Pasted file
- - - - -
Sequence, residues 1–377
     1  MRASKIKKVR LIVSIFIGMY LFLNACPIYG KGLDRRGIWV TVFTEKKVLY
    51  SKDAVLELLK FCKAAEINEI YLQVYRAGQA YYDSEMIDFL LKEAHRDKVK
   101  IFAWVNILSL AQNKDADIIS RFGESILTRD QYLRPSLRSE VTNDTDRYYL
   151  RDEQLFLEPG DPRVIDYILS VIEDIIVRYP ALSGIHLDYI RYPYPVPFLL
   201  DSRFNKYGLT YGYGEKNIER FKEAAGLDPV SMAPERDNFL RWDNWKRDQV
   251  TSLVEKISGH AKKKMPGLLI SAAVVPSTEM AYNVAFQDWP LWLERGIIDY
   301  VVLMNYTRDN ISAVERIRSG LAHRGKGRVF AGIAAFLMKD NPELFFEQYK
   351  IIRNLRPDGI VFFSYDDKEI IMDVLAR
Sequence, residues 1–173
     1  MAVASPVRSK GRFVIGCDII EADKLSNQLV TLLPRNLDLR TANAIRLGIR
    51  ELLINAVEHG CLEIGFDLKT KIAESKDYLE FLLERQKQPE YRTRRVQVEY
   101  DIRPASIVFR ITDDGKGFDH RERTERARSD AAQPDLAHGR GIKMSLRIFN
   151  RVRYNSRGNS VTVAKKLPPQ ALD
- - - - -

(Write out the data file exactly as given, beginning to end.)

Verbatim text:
Sequence, residues 1–377
     1  MRASKIKKVR LIVSIFIGMY LFLNACPIYG KGLDRRGIWV TVFTEKKVLY
    51  SKDAVLELLK FCKAAEINEI YLQVYRAGQA YYDSEMIDFL LKEAHRDKVK
   101  IFAWVNILSL AQNKDADIIS RFGESILTRD QYLRPSLRSE VTNDTDRYYL
   151  RDEQLFLEPG DPRVIDYILS VIEDIIVRYP ALSGIHLDYI RYPYPVPFLL
   201  DSRFNKYGLT YGYGEKNIER FKEAAGLDPV SMAPERDNFL RWDNWKRDQV
   251  TSLVEKISGH AKKKMPGLLI SAAVVPSTEM AYNVAFQDWP LWLERGIIDY
   301  VVLMNYTRDN ISAVERIRSG LAHRGKGRVF AGIAAFLMKD NPELFFEQYK
   351  IIRNLRPDGI VFFSYDDKEI IMDVLAR
Sequence, residues 1–173
     1  MAVASPVRSK GRFVIGCDII EADKLSNQLV TLLPRNLDLR TANAIRLGIR
    51  ELLINAVEHG CLEIGFDLKT KIAESKDYLE FLLERQKQPE YRTRRVQVEY
   101  DIRPASIVFR ITDDGKGFDH RERTERARSD AAQPDLAHGR GIKMSLRIFN
   151  RVRYNSRGNS VTVAKKLPPQ ALD